Author: Erich Maria Remarque
Year of Publication: 1928 Setting and time period: The setting of the novel is almost entirely in the battlefields of the 1st World War (1917-18) To Paul and his friends; it feels like there’s nothing else BUT the battlefield. When they are not on the front lines, the soldiers are at the camps. The camps prove to be a place of relaxation, where the soldiers can get away from the non-stop trench life. The trench life is very poor and abysmal, as soldiers can stay there for days and have to endure the horrors of war. When Paul leaves the war shortly to visit his home and family, he finds it to be like heaven. This is pretty obvious, considering the fact that he has spent most of his recent life on the battlefield and is used to the horrific life of war.
Primary characters (name/relationships/jobs/key traits):
Paul: Paul is the narrator and main character of this novel. He is very sensitive to war, and realizes the impact it has had on his life. He considers himself “lost” because of the fact that he went to war at such an early age. His role as narrator allows the reader to understand his personal life as Paul shares with his audience many personal stories. It also gives us insight on how a typical young soldier was feeling during the First World War.
Kantorek: Although Kantorek is not a character that shows up during the novel, his impact on the story is quite profound. Kantorek was a school teacher at the school that Paul and some of his friends attended. He had intense nationalism and influenced his students on their decision to join the war. He filled his students’ heads with lies about the war. Paul always looks back on Kantorek’s actions and despises him for brainwashing young men.
Himmelstoss: Himmelstoss is the camp disciplinarian to the soldiers. He is a loathsome character, as he treats the soldiers unfairly and uses feared tactics to get what he wants. With the character of Himmelstoss, Remarque wanted to show how those that had power during the war took advantage of their authority and used it for their own gains.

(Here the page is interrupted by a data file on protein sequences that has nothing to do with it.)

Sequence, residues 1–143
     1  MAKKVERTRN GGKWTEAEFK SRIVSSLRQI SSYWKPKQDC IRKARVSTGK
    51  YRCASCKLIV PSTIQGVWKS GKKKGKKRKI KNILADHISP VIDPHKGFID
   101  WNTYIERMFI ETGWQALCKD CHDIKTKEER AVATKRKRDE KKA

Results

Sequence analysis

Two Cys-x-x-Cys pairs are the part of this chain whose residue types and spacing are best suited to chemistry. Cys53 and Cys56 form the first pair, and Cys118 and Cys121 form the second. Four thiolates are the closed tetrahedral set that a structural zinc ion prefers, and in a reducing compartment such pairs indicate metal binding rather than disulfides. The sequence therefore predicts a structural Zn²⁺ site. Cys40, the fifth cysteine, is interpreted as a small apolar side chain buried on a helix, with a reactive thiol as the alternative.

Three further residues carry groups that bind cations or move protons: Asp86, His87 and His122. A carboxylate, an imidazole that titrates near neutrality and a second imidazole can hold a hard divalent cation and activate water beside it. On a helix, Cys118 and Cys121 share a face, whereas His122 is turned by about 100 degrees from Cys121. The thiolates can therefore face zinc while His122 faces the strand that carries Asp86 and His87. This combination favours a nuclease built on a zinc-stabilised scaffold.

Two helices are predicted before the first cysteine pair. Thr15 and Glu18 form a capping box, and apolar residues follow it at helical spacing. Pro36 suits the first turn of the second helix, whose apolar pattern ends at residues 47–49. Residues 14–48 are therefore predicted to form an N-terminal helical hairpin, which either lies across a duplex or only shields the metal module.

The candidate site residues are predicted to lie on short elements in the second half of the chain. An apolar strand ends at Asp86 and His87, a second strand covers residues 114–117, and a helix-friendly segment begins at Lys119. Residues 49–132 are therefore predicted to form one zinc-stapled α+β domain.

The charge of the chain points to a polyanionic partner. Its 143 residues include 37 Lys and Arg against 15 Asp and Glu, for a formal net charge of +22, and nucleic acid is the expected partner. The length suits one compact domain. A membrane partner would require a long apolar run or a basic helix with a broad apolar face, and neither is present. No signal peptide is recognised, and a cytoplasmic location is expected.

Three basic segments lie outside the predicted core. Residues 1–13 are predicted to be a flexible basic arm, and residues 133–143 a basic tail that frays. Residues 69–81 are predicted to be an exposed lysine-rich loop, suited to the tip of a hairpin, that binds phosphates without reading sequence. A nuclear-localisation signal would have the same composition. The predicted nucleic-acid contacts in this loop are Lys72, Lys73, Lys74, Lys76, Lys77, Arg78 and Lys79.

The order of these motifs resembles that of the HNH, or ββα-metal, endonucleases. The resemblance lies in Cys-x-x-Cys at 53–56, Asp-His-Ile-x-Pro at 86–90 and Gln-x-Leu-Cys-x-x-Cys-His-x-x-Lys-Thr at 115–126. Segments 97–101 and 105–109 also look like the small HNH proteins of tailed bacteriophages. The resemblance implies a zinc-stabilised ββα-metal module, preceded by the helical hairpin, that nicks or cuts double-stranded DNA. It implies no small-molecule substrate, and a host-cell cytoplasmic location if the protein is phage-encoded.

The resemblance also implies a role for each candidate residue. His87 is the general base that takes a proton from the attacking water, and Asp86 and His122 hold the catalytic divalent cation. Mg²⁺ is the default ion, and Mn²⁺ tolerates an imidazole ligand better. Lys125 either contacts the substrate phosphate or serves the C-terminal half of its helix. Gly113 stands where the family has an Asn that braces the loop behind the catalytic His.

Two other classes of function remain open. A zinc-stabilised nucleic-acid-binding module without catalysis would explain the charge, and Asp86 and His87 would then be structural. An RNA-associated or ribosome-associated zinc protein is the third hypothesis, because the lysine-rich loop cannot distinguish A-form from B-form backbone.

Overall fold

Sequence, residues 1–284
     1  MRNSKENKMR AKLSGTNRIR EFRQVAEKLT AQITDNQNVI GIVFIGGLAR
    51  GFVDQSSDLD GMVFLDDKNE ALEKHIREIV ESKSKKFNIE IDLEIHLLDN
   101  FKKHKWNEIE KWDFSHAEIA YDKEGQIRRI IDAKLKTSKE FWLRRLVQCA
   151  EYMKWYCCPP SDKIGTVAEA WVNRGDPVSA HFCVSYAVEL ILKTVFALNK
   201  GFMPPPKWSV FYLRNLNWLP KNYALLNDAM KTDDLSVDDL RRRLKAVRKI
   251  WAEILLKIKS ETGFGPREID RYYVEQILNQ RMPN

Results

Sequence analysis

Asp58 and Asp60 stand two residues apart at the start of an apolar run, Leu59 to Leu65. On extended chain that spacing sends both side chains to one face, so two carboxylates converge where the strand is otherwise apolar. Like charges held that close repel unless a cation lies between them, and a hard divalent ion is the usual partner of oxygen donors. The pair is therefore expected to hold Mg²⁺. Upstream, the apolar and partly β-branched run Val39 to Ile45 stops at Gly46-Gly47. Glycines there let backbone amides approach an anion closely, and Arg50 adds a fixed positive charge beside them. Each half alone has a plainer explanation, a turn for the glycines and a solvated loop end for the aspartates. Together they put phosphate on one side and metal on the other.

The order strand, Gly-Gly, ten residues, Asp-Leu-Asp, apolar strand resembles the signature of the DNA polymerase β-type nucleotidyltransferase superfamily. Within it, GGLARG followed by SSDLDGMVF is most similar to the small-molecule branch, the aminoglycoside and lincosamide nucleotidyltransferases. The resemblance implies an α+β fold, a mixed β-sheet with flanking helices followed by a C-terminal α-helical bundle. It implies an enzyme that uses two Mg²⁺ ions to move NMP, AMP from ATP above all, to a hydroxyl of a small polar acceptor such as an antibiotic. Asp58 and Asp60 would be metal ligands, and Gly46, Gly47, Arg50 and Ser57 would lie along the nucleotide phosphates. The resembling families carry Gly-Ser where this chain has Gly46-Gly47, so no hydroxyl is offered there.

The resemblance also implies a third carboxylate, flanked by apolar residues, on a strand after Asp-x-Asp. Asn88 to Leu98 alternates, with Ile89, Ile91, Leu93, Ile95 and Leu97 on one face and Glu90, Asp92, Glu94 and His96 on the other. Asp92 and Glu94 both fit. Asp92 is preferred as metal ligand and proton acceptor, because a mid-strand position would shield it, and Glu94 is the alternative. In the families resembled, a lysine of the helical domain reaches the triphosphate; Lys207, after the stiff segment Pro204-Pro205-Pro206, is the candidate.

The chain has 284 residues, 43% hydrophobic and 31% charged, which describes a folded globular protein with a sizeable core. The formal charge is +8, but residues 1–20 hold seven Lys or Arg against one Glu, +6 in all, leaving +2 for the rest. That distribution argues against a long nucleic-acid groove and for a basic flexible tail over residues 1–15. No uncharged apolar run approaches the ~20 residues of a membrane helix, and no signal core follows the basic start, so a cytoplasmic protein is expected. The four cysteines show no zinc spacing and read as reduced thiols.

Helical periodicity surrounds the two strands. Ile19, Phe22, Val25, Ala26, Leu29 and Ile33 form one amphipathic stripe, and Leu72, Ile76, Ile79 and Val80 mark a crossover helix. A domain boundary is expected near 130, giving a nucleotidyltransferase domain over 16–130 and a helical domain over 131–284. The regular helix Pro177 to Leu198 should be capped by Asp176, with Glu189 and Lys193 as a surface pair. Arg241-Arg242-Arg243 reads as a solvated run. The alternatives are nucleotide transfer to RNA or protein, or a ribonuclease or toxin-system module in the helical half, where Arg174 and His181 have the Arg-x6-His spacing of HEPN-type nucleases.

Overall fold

Secondary characters (brief identifications):
Katczinsky – an old man that’s best friends with Paul. He has a family back at home. He is also a resourceful man, as he can find food and shelter anywhere.
Kropp – a close friend of Paul with who he went to school with. Kropp is very intelligent and good at analyzing situations.
Muller – another old school friend of Paul. He is a practical young man who always wonders what he will do after the war.
Tjaden – a man who loves to eat. Sometimes pees his bed. He hates Corporal Himmelstoss.
Point of view and other notable structural, literary and stylistic techniques:
The story is told through a first person point of view. The reader has complete understanding of the narrator’s thoughts and actions. Paul narrates the story through many events, events which at the end have some type of value and have somehow affected Paul in a profound way. Each event is something that Paul remembers thoroughly. Since Paul reveals so much about himself through his narrations, the reader can connect to his feelings and understand his pain.
Major conflicts (in abstract terms with resolutions):
The major conflict that Paul and his friends have unwittingly entered a hellish war in which hope for survival is sullied by the knowledge that they have already been mentally scarred beyond recovery. They have lost their adolescence and are in risk of losing something worse: their life.
Key Scenes (turning points, resolutions, climaxes):
I think the turning point is when Paul's good friend and fellow soldier, Kemmerich, dies a slow death. Paul then begins to see what the war will entail and what will soon happen to the rest of his friends. I think that this is also the climax. The resolution of this novel is when Paul dies. Paul's death is